By Shawn Jeffords
TORONTO — Ontario will send half its available COVID-19 vaccines to hot spots for the next two weeks and expects to offer shots to all adults provincewide by the last week of May.
Health Minister Christine Elliott said the province is making the changes to its vaccine rollout as it overcomes serious supply issues that have plagued the effort since it launched.
A fresh influx of doses will allow Ontario to send half its vaccine supply to 114 postal codes identified as hot spots in the first two weeks of May, and will also permit the province to progress more quickly to new age groups, Elliott said.
“This will allow the province and our partners, to further accelerate our vaccine rollout and get more shots into arm,” she said. “This includes a focus on getting vaccines to those most at risk.”
The move to send half the vaccine supply to hot spots — which currently get 25 per cent of shots — follows a recommendation from the province’s science advisers to allocate shots based on transmission rate rather than age group.
The government said it will return to a per capita distribution for vaccines across the province on the week of May 17.
Officials said Ontario will begin to lower the age eligibility to book for mass vaccination clinics to 55 and older starting Friday.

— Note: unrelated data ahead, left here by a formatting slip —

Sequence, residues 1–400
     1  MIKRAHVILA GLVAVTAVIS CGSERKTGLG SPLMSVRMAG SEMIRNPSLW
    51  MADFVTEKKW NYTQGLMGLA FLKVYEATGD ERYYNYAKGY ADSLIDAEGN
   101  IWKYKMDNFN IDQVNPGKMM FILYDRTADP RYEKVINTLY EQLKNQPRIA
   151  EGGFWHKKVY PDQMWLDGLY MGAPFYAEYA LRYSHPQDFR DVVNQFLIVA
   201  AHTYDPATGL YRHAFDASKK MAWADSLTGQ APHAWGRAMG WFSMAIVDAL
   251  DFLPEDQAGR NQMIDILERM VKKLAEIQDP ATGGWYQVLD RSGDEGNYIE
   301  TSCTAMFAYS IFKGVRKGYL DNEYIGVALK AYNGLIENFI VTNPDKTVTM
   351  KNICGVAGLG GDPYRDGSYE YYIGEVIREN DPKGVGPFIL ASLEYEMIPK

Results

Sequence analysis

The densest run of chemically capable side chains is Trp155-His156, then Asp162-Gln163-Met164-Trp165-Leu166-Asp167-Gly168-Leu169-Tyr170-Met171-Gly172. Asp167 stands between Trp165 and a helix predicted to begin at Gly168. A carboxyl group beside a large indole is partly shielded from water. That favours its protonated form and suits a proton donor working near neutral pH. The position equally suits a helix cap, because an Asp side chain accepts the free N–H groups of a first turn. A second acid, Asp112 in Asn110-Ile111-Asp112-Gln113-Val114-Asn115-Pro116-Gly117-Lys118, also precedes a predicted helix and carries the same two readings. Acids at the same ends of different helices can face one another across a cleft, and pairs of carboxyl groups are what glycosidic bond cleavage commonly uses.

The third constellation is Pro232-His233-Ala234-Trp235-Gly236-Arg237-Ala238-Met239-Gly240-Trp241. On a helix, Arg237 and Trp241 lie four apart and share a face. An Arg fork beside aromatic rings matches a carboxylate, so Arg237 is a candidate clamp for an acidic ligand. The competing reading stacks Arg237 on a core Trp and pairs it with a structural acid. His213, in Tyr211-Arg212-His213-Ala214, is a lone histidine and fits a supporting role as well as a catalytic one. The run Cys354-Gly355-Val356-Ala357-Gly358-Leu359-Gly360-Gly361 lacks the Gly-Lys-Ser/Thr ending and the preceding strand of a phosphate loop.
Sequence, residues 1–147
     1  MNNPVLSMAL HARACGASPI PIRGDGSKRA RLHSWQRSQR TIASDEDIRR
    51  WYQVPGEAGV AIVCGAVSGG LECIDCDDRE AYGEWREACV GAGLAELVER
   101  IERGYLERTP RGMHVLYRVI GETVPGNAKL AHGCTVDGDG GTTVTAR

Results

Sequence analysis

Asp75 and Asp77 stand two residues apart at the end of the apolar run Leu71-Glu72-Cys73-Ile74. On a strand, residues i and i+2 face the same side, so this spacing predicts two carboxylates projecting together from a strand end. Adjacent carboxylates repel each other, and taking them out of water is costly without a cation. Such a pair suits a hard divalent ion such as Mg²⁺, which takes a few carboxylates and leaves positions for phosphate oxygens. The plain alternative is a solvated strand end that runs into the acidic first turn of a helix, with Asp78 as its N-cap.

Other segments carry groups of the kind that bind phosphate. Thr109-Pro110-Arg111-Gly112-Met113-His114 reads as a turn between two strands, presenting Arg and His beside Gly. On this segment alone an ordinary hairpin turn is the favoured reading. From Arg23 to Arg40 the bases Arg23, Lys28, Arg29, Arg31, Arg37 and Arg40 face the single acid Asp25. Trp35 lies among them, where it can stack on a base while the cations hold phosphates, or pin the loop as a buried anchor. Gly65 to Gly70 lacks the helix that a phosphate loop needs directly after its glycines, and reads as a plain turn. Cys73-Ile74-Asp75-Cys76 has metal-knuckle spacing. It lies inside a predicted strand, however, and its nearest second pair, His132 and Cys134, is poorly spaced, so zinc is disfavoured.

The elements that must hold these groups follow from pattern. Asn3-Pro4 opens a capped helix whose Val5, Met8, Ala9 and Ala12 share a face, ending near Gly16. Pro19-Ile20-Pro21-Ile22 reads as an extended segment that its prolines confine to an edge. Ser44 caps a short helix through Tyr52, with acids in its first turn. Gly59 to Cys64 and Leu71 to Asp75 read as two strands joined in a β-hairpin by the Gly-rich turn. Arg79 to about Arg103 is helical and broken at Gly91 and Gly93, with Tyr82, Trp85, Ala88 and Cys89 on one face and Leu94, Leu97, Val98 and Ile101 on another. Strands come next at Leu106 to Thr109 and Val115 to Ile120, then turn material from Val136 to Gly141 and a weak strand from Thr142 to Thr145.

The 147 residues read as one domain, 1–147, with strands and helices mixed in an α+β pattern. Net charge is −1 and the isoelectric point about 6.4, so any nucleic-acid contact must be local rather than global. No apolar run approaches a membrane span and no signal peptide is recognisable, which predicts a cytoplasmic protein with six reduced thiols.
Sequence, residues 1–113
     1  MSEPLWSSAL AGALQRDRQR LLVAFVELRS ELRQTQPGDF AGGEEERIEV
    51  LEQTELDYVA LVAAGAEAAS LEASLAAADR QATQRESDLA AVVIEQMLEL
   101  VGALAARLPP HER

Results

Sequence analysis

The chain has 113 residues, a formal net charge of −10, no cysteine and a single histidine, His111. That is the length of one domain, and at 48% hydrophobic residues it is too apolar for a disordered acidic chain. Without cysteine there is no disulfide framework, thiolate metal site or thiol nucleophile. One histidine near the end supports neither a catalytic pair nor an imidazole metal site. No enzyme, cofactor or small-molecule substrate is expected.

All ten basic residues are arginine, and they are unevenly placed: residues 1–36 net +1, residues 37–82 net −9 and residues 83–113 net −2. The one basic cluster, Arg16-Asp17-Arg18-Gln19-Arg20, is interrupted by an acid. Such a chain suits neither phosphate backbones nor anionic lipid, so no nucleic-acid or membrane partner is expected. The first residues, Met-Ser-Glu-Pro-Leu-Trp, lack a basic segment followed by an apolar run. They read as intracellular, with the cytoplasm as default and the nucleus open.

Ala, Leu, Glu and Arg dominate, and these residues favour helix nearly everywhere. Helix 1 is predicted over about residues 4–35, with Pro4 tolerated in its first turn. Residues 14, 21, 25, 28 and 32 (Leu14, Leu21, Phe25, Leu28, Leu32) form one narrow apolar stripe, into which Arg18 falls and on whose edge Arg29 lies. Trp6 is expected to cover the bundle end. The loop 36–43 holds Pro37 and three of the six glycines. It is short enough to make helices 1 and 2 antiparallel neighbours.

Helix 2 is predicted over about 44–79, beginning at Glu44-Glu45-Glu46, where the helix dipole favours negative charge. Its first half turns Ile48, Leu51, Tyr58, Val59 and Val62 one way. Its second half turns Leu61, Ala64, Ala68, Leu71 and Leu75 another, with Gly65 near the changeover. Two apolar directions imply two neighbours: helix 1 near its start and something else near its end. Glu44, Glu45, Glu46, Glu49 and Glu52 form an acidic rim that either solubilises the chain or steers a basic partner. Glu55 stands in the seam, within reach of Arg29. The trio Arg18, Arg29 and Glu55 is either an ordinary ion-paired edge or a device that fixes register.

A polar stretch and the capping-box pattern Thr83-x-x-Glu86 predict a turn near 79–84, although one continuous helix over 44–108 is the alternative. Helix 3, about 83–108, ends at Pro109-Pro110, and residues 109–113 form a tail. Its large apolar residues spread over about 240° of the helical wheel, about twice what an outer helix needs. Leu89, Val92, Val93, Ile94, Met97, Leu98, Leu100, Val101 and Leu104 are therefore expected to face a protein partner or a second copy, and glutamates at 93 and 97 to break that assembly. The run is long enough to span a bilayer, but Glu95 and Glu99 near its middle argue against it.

If supply holds, the province expects to lower age eligibility for the vaccine throughout May, with access to book a first dose for those aged 18 and older forecast to start on the week of May 24.
“This is exciting news,” Elliott said. “The way out of the pandemic is vaccines, and a light at the end of the tunnel grows brighter every day.”
The government also said it will allow those with high-risk health conditions to get vaccinated at mass sites starting on Monday.
The changes come as the province expects to receive larger volumes of vaccines, largely from in the form of the Pfizer-BioNTech shot. The province is expected to receive over 4 million of those doses in May and more than 3.7 million in June.
Ontario is also starting a pilot project that will distribute the Pfizer vaccine through pharmacies in hot spots to people aged 55 and older.
That will start on Friday with eight pharmacies in Peel Region and eight in Toronto. The program is expected to expand to additional pharmacies and public health units in May, as supply allows.
The province says it has administered more than five million doses of a COVID-19 vaccine so far.
Ontario reported 3,871 new cases of COVID-19 on Thursday and 41 new deaths, a figure that pushed the province’s overall death toll from the virus past 8,000.
The ministry of health says 2,248 people are hospitalized with COVID-19, with 884 in intensive care and 620 on a ventilator.
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